Bread winner

Shita Yenenh serves up Ethiopian dishes with injera bread.

Shita Yenenh serves up Ethiopian dishes with injera bread.


Zagol is open Monday through Saturday 4 p.m. to 9 p.m. Learn more at

Zagol Ethiopian Restaurant introduced East African cuisine to Reno in 2009, at its location on East Fourth Street. Its new digs are at Mira Loma Drive and McCarran Boulevard. Chef and owner Shita Yenenh greets guests and prepares every dish herself. If things get busy, you might have to wait a bit—but your patience will be rewarded.

The consumption of coffee likely originated in Ethiopia. When I called to make a reservation and inquire about the “coffee ceremony,” the chef apologized and said she’d require more notice to prepare costuming, accoutrements and assistance for that. But she did roast, grind and brew a most exquisite example for us.

Although flatware is available, Ethiopian sautées and thick stews are meant to be consumed with injera, a spongy flatbread with a lightly sweet and tangy sourdough flavor. It’s made of teff, the smallest and possibly oldest cultivated grain. Dollops of food are served on large injera pancakes, with strips of flatbread provided to scoop up the delicious goo. Though not keto-friendly, it’s perfectly safe for your gluten-free friends. Word to the wise, Ethiopian can make for slightly messy eating. If you avoid wings and ribs for a first date, this is on par.

We started with gebeta—a large, circular serving dish adorned with injera—topped with a combination of meat and veggie dishes ($47). Alicha was a beef stew, flavored with onion, ginger, garlic, herbed butter and traditional Ethiopian spices. Ye Siga Tibs was lean beef sautéed in olive oil, with onion, jalapeño, rosemary and spices. The former was flavorful, thick and mild. The latter was essentially chunks of spicy meat and veggies, akin to spicy injera tacos. The heat level was similar to “medium” salsa.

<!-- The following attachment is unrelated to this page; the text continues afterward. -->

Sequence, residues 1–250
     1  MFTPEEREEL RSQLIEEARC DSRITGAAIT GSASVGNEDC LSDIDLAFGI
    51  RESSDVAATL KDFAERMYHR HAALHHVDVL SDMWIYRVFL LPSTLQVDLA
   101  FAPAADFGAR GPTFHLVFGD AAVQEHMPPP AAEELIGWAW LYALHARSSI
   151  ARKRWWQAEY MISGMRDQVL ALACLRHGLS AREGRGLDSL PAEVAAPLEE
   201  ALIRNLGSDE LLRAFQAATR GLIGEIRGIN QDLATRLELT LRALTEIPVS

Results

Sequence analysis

For the veggie dishes, we tried Aterkik Key Wat—yellow split peas, chili sauce, garlic and ginger—and Tikil Gomen, a dish made with cabbage, carrot, onion, garlic, ginger and spices. The pea dish had a lot of heat, the cabbage combo less so. Though the beef dishes were great, I think we enjoyed the veggie dishes more. The four were accompanied by Ye Abesha Selata, a chopped salad of lettuce, tomato, red onion and chili in a vinegar dressing. It was reminiscent of a great pico de gallo or coleslaw.

We supplemented our meal with à la carte dishes. Ye Beg Key Wat ($15) was a spicy lamb stew; Ye Doro Alicha ($14) was a mild chicken stew with onion, ginger, garlic and spices; Gomen ($10) was a sautée of collard greens with onion, garlic, ginger and spices; and Kikil ($10) was a dish featuring green beans, carrot, onion, garlic, ginger and spices. The lamb was quite spicy, reminding me of Indian goat curries. There were a couple of bone bits in the mix, but not too many. The chicken was thigh-on-the-bone in a very rich, thick gravy—not spicy but very tasty. The carrot and green bean mixture tasted mostly of the heavily stewed vegetables, and the collards were similarly just that: cooked greens.

Ultimately, I recommend the gebeta dishes, as they have the most exciting flavors. The rest are fine, but lack the punch. And injera is a bread we all need in our lives. Man, that stuff is sour, sweet, spongy, freaky, good.